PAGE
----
What does the cognitive assessment of PIAAC measure?

PIAAC is designed to assess adults in different countries over a broad range of abilities, from simple reading to complex problem solving skills. To do this, PIAAC has four domains (subjects areas for assessment)—literacy, numeracy, problem solving in technology-rich environments, and reading components—and two modes of assessment—paper-and-pencil and computer-administered. Respondents who are not familiar with computers are given the paper-and-pencil version of the assessment.

PIAAC measures literacy and numeracy in both paper and computer modes. Items that measure problem solving in technology-rich environments are only computer-administered. Reading components tasks are only administered in the paper-and-pencil mode. All participating countries are required to assess the literacy and numeracy domains, but the problem solving and reading components domains are both optional. The United States assessed all four domains.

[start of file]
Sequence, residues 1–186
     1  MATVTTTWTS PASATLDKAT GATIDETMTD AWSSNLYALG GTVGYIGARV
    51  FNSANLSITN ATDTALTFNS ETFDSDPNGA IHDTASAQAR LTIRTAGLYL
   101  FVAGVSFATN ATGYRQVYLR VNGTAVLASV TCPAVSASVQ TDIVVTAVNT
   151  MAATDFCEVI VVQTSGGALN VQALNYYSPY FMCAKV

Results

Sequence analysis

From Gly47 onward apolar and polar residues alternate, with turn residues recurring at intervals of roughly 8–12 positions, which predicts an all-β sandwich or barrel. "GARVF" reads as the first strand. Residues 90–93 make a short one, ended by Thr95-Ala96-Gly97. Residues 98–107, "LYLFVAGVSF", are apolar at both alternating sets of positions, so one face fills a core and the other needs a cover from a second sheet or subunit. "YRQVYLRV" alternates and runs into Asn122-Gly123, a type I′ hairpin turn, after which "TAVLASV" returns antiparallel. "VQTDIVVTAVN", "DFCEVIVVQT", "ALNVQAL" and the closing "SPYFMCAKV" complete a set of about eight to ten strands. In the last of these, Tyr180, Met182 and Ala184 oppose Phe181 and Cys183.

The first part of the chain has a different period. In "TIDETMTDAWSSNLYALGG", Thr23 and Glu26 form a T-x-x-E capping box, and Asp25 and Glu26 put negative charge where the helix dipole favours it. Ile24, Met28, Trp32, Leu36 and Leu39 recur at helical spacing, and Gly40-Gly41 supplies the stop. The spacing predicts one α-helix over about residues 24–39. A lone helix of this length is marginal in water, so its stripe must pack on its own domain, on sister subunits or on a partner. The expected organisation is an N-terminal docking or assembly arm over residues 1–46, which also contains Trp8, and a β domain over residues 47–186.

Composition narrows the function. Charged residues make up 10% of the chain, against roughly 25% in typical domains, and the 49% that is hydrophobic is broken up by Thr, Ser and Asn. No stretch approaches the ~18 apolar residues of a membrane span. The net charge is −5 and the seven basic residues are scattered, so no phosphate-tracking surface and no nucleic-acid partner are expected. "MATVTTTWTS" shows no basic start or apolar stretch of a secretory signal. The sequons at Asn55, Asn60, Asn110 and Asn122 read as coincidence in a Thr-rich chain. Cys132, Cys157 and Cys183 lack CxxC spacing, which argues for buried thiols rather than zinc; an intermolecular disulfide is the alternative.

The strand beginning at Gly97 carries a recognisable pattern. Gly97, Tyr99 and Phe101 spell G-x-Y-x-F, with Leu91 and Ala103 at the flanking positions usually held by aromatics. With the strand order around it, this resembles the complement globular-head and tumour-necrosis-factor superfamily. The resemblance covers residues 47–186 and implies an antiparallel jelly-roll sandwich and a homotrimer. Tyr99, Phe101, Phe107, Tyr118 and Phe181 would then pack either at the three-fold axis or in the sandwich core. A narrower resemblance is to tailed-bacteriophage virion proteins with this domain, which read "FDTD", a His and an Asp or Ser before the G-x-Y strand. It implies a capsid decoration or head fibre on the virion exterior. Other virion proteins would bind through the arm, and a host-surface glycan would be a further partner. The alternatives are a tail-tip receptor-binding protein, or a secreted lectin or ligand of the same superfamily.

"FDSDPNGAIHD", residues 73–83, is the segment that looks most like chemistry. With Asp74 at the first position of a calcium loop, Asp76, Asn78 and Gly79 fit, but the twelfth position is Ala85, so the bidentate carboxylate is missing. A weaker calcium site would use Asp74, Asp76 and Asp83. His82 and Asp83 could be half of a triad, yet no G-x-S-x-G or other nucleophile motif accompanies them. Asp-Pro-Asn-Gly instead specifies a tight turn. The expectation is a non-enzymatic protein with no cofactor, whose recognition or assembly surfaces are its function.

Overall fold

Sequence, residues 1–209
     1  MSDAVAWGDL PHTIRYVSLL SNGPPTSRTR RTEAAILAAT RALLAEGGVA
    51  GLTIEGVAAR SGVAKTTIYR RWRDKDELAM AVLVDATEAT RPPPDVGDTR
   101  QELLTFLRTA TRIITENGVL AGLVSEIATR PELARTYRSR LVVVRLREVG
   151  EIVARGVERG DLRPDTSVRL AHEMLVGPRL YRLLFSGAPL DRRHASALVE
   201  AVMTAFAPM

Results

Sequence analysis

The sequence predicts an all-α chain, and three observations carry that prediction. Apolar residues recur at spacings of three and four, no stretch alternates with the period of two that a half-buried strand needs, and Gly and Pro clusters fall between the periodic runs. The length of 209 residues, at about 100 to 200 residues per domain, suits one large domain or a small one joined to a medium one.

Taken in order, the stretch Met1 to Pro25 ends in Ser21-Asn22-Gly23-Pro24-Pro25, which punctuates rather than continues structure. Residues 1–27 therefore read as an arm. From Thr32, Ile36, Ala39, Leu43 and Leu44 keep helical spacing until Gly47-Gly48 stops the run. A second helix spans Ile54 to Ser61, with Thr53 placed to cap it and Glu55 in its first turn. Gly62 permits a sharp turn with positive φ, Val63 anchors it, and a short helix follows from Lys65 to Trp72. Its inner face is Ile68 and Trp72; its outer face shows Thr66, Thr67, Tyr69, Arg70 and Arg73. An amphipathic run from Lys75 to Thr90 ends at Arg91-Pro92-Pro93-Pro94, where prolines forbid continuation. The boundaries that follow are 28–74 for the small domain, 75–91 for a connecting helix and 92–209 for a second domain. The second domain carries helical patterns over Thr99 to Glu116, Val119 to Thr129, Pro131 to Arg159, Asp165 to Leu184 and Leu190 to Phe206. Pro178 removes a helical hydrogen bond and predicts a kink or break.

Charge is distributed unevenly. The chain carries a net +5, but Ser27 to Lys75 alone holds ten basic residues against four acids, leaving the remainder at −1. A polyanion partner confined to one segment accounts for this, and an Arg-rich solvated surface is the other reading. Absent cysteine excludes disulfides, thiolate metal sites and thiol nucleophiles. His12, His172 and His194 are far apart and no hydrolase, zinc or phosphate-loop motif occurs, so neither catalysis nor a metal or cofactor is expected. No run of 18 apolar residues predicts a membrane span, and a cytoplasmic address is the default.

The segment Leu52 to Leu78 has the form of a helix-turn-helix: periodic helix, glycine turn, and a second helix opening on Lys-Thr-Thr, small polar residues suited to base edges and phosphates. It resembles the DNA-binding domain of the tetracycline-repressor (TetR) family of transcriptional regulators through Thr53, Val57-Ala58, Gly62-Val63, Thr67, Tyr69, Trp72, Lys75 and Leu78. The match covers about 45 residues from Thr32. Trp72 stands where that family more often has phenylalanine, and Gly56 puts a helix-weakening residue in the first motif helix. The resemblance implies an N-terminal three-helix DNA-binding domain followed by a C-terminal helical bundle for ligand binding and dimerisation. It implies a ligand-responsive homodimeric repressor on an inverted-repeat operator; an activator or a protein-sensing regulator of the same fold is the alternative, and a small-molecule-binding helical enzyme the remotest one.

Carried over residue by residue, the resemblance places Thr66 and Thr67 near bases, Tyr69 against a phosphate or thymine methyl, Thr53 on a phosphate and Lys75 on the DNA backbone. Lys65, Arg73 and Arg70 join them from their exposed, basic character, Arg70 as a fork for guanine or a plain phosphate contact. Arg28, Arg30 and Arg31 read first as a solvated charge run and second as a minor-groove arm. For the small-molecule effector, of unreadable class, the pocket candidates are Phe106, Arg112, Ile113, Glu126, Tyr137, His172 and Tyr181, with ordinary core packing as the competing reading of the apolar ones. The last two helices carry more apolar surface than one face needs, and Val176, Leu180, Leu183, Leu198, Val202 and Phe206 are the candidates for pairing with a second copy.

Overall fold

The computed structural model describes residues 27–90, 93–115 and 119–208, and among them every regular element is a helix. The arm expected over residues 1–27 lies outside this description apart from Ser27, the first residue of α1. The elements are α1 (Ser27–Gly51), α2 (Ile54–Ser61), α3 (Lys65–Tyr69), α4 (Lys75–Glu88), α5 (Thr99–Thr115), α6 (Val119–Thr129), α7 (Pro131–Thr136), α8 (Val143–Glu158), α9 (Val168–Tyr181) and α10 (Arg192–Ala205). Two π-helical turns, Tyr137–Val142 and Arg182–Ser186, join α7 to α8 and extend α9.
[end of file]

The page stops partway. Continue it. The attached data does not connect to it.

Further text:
PIAAC tasks developed for all four domains are authentic, culturally appropriate, and drawn from real-life situations that are expected to be of importance or relevance in different contexts. Tasks' contents and questions are intended to reflect the purposes of adults' daily lives across cultures, even if they are not necessarily familiar to all adults in all countries.

For information on the PIAAC frameworks used to develop tasks in each of the four domains, click here.